FLOW LINE OF A SURFACE

 Curves studied by C. Piquet in 2002.

 Differential equation (derived from Newton's second law): where is the normal vector of the surface at M and , i.e. for a surface parametrized in terms of (u,v): . This differential system can be written, for a surface with equation z = f(x, y): (see the notations).

The flow lines of a surface are the trajectories of massive points linked to the surface and subject to a vertical gravitational field (physically, they can be obtained by making a smooth ball roll on the surface).

When the velocity is equal to zero, the flow line is tangent to the slope line passing by the point, but, otherwise, it is not the case in general.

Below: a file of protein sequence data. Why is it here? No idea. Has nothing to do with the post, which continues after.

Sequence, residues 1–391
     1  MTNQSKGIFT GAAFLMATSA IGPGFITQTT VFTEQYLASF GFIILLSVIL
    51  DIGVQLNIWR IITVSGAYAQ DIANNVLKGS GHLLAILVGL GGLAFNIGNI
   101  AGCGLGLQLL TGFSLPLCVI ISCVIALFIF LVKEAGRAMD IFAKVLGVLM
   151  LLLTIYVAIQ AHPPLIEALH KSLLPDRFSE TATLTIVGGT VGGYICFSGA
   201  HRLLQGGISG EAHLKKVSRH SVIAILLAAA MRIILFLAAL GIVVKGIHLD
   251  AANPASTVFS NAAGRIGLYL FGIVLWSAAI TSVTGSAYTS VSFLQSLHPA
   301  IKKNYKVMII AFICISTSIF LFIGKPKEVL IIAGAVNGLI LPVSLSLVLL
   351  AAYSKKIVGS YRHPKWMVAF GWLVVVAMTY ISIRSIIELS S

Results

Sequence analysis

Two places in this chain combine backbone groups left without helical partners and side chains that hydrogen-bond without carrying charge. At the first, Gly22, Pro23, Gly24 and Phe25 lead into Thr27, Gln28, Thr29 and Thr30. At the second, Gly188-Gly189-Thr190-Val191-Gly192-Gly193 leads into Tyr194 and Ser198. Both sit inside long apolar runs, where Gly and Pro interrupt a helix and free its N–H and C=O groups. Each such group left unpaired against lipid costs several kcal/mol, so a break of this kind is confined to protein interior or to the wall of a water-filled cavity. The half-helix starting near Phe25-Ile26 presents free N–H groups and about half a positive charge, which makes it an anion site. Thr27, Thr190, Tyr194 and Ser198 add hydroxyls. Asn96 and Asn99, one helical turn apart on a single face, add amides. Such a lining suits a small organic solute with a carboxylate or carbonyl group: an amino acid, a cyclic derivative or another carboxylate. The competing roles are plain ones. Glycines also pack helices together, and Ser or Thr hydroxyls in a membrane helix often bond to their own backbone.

Note that the gravitational acceleration g > 0, does not impact the shape of the curves (even if it does impact the speed at which they are travelled along). On the contrary, if we take g = 0 in the above equations, we find different curves, that are none other than the geodesics of the surface.

Without gravity, the flow line becomes a geodesic
Examples:

 the flow lines of a tilted plane are parabolas or straight lines. the flow lines of a vertical circular cylinder are the curves that develop onto parabolas or straight lines. the flow lines of a sphere are none other than the curves of the spherical pendulum.

 A rain drop falls into the gutter.... The weaker the slope is, the more meanders there are!

© Robert FERRÉOL, Jacques MANDONNET 2018